”Aria, doll, remind me to tell you something. A personal matter ’tween you and me.” Eloisa gave her leg a pat, “You are the map and you are the treasure. We’ll talk.”

Aria smiled. She loved Eloisa. She turned to H-C to answer.

“Where?” Aria asked. It was best to keeping moving.

“I’d like to take you to the Museum of Natural History,” said H-C.

“I think Kiev would enjoy it too. Eloisa, would you like to come?”

“Naw, I got too much to do today. You all go and give my regards to the Mastodons.”

“Okay, Eloisa.” Aria was grateful for Eloisa, although she kept Aria perpetually confused with her advice.

“I heard about that museum, H-C. Daddy said he went there often when he was a boy.” Daddy, Aria thought. She suddenly felt a flush in her face and her heart race. She began to taste betrayal when she thought of him.

Kiev, H-C, and Aria traveled to the Museum of Natural History, entering on the 77th Avenue side. In the Milstein Hall of Ocean Life, a ninety-four-foot-long blue whale hung. They were surrounded by the blue whale song, and the hall vibrated.

The replica dwarfed her senses. She’d never seen anything like it. While H-C caught up with an old friend she ran in to, an old male friend, Aria and Kiev sat down on a bench underneath the massive creature.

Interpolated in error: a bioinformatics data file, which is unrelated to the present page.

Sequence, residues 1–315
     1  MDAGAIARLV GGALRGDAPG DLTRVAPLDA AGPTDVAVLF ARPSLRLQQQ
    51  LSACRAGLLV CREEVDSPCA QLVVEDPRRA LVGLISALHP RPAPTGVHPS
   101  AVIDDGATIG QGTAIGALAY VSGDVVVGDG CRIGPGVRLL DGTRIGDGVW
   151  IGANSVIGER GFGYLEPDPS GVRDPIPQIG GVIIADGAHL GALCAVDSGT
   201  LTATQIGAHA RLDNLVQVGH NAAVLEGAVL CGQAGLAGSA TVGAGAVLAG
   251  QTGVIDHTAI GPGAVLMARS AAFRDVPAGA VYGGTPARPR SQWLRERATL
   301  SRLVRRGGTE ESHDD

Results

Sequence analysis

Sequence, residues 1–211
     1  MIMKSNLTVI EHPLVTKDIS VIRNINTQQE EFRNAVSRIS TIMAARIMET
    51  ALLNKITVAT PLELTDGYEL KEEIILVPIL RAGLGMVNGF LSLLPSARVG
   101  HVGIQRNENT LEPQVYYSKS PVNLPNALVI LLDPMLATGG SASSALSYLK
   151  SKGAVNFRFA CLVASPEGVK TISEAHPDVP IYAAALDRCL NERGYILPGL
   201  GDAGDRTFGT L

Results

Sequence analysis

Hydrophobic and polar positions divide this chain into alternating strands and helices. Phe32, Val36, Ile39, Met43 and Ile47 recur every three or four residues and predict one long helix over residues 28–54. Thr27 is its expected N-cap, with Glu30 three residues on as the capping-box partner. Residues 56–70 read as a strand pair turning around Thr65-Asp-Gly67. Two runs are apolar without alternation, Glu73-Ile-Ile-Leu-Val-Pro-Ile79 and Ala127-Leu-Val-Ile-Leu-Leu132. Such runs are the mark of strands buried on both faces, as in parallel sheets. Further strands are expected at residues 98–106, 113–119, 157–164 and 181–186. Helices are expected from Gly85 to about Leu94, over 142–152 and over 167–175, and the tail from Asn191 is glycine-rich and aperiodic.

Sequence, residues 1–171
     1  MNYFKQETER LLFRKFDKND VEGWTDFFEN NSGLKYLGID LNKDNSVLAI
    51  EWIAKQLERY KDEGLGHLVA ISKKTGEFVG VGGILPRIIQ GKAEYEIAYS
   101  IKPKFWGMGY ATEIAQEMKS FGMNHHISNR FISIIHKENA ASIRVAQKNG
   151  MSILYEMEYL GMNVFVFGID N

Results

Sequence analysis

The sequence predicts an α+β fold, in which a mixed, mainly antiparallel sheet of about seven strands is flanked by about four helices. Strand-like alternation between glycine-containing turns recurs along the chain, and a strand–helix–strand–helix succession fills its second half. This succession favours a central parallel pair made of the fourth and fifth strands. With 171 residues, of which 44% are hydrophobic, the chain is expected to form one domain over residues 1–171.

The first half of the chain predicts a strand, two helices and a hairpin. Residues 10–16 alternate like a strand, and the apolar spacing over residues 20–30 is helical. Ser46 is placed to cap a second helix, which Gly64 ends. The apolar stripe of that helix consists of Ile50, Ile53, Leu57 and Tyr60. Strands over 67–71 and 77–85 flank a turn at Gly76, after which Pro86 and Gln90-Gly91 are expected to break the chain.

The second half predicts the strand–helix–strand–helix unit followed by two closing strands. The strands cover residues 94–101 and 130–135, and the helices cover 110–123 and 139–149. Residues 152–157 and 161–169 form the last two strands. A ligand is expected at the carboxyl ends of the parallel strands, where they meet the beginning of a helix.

“Kiev, look at it. It’s amazing. So large, so magnificent. It’s almost too much.” The blue light glowed on Kiev’s face.

She wanted so much to be where blue whales were right then. So many questions and doubts exploding in her head like popcorn. Then the reverie: the whale detached from its suspensions to swim free. Aria and Kiev seized the opportunity to go with the whale by clinging to its fins. The whale gained velocity and burst through and out of the museum’s west wall. The whale, instead of heading down to the ocean, headed up towards the blue sky. Suddenly, it flipped its dorsal fin, that Kiev and Aria were holding onto. Their hands slipped off the fin and they flew into space above the whale. At that precise moment, the whale turned and positioned itself under the descending twosome. Kiev and Aria slid down the whale’s blow hole onto a soft deep billowy mass. Kiev smiled, looking directly at Aria. They linked hands and began to explore the inside of this formidable creature while they waited to see where the adventure would land.

“You guys ready to go?” H-C interrupted.

“Okay,” she said, still bedazzled by the whale, not committed to her answer.

H-C reminded them that they only had a couple of hours. The museum was closing at five forty-five.

“Let’s prioritize what we want to see.” H-C unfolded the museum map.

“Can we just go and not plan?” asked Aria staying closer than usual to Kiev.

“Okay,” H-C responded.

They headed to the Hall of Biodiversity and then to the Hall of Gems and Minerals.

“Which one is your favorite Kiev?” asked Aria.

What would she do without Kiev? He was the safest place she knew.

He turned and walked towards a large geode, rough and gray on the outside. It was a perfect oval shape. Walking to the other side of the exhibit one discovered that the geode contained brilliant crystals and amethysts.